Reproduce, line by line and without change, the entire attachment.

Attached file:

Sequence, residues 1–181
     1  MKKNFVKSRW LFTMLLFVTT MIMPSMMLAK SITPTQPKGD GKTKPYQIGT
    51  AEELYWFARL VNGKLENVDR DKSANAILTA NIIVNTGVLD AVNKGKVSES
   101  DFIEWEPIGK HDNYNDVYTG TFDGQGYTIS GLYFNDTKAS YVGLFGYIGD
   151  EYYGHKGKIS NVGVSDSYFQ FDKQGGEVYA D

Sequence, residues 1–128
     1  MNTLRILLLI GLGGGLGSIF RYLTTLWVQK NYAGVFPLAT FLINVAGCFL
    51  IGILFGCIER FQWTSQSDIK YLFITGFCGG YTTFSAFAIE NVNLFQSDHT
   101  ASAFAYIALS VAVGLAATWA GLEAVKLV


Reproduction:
Sequence, residues 1–181
     1  MKKNFVKSRW LFTMLLFVTT MIMPSMMLAK SITPTQPKGD GKTKPYQIGT
    51  AEELYWFARL VNGKLENVDR DKSANAILTA NIIVNTGVLD AVNKGKVSES
   101  DFIEWEPIGK HDNYNDVYTG TFDGQGYTIS GLYFNDTKAS YVGLFGYIGD
   151  EYYGHKGKIS NVGVSDSYFQ FDKQGGEVYA D

Sequence, residues 1–128
     1  MNTLRILLLI GLGGGLGSIF RYLTTLWVQK NYAGVFPLAT FLINVAGCFL
    51  IGILFGCIER FQWTSQSDIK YLFITGFCGG YTTFSAFAIE NVNLFQSDHT
   101  ASAFAYIALS VAVGLAATWA GLEAVKLV